Cyber Security and Data Privacy Education.

I constantly come across organisations where people are absolutely, naively clueless about the threat landscape that lies just beyond their network devices waiting eagerly to enter. In fact, it can also just as easily be a malicious employee inside an organisation!

To me the 1st item is education which creates prevention. This needs to be appropriate to the people being educated. I know of a bank CEO who infected his bank with ransomware, it’s easy to click a link and regret it and yes, they should have known better, but why did that email get through, what were their IT Security staff doing?

At an executive level education is about making the executives aware of the risks they are exposed to and enabling them to understand the level of budget that they need to have to focus on data privacy and cyber security.

There is a massive shortage of skilled data privacy and cyber security experts both at a theoretical and a technical level. For an organisation to be able to build the necessary capabilities they must either outsource to external consultants or train up their own technical staff. Either way there needs to be technical skill in understanding the requirements to build robust infra-structure and manage risk and compliance.

Email is a major threat vector for data breaches of many different kinds, there are technical solutions which filter a lot of malicious emails out, however staff still need to be trained to identify various attacks with a note that these are becoming more and more sophisticated and difficult to identify. In some cases, these target specific individuals and have inside information about them to create an email scenario that is extremely hard to identify as an attack.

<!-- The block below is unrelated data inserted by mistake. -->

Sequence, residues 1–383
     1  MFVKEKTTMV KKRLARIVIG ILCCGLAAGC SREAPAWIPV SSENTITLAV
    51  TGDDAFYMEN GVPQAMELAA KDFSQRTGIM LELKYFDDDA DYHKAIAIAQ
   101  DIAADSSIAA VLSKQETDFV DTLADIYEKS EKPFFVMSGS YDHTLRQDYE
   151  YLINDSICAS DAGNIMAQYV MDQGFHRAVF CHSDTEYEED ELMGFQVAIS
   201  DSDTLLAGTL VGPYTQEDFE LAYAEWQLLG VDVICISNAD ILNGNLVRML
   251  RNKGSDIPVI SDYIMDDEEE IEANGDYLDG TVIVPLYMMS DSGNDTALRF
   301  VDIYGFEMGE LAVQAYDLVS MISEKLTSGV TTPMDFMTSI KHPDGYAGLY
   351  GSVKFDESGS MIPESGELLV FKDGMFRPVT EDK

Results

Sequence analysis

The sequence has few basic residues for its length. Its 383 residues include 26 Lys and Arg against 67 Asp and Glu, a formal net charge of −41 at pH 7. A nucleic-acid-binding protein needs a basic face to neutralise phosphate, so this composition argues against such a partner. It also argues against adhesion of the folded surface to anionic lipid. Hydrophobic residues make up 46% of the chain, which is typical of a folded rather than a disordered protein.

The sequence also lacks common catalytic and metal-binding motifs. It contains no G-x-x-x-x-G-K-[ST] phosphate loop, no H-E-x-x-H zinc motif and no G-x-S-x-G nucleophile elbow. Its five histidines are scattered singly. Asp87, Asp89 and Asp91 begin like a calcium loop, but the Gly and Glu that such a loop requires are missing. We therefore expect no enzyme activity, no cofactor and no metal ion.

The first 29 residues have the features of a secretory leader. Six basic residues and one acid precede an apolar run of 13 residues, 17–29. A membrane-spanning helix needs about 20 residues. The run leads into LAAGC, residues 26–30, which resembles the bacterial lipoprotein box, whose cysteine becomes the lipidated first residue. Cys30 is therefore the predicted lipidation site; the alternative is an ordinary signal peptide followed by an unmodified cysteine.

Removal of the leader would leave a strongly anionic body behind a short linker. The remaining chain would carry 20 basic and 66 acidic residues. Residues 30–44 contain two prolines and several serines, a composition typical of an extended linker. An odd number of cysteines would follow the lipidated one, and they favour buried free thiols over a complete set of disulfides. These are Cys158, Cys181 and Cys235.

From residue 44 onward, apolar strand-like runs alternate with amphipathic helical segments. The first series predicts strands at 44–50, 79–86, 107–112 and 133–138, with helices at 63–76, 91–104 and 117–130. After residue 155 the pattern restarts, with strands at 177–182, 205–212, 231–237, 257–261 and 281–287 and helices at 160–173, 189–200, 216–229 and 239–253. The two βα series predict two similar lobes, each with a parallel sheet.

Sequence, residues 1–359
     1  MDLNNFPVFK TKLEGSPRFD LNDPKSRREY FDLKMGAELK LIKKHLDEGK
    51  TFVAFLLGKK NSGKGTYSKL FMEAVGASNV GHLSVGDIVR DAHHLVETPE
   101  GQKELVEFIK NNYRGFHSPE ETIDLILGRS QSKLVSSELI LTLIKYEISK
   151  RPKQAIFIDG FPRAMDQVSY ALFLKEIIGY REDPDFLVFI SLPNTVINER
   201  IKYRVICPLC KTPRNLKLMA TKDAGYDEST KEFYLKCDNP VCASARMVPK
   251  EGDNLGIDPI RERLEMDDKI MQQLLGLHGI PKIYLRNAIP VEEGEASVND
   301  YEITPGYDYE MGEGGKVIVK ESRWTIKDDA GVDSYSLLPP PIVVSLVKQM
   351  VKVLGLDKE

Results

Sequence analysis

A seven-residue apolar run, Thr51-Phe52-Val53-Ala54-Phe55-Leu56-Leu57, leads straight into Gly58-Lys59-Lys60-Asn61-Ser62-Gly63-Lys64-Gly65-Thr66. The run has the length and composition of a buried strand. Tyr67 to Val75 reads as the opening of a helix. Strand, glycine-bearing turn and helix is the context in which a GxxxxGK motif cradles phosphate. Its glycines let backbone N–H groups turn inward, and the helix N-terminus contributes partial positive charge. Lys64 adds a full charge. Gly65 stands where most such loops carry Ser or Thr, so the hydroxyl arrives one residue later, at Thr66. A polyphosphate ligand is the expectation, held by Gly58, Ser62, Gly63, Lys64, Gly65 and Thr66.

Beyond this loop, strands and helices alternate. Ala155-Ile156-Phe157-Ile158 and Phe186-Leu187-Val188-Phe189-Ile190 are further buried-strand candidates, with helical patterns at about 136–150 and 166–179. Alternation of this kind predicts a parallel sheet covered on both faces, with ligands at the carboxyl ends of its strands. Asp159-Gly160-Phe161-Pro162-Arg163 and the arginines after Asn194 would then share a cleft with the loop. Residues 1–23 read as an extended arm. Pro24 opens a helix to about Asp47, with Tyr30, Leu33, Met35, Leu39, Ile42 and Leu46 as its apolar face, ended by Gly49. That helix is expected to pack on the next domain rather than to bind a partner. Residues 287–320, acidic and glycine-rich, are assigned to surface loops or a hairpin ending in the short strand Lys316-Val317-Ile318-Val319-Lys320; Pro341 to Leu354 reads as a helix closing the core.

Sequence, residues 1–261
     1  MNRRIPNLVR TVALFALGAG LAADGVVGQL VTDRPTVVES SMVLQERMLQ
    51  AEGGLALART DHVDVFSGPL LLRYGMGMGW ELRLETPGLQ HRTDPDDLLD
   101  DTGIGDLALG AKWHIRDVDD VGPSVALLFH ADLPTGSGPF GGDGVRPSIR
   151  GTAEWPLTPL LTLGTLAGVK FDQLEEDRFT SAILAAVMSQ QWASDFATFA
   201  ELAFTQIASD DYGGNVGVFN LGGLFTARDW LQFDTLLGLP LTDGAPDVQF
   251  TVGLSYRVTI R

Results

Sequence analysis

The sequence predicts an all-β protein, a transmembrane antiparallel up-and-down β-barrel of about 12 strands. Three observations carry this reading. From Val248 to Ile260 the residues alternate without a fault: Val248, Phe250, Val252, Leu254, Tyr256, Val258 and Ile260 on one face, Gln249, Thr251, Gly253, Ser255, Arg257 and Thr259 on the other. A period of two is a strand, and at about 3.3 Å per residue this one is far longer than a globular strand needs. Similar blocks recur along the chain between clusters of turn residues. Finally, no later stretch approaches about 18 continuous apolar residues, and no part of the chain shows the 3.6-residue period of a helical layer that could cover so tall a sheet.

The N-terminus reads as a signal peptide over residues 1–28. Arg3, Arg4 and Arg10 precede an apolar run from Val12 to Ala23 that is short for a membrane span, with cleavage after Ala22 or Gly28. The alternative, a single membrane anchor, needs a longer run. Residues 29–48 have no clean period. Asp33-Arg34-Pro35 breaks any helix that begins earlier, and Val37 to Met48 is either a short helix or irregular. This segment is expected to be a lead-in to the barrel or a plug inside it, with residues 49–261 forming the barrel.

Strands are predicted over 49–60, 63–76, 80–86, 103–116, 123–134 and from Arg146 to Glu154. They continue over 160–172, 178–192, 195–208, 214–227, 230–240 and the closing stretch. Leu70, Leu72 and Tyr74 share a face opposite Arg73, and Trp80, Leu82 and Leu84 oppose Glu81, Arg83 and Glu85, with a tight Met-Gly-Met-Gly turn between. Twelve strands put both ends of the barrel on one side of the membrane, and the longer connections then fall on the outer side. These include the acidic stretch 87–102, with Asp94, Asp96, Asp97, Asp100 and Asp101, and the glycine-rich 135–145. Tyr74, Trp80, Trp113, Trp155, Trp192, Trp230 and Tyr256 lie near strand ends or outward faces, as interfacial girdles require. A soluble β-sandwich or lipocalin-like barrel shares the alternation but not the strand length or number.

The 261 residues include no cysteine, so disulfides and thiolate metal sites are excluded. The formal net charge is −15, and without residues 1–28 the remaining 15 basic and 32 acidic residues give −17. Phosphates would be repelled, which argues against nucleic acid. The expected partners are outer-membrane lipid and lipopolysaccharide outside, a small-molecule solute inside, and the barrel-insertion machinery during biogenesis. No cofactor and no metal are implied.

Governance and risk management.

Governance and risk management is the key to actionable outcomes. Following a governance program for both data privacy as well as cyber security will, if done properly provide a framework to identify all addressable areas and an understanding of how to allocate the budget for these.

Governance is an ongoing task, and reviews are essential as dynamic organisations change and morph over time.

Data Privacy Compliance.

By 2023 over 65% of the world population will be protected by some form of data privacy regulation that organisations keeping their data will need to conform to.

Data Privacy compliance in most cases requires effort in the following areas:

  • Consent and marketing.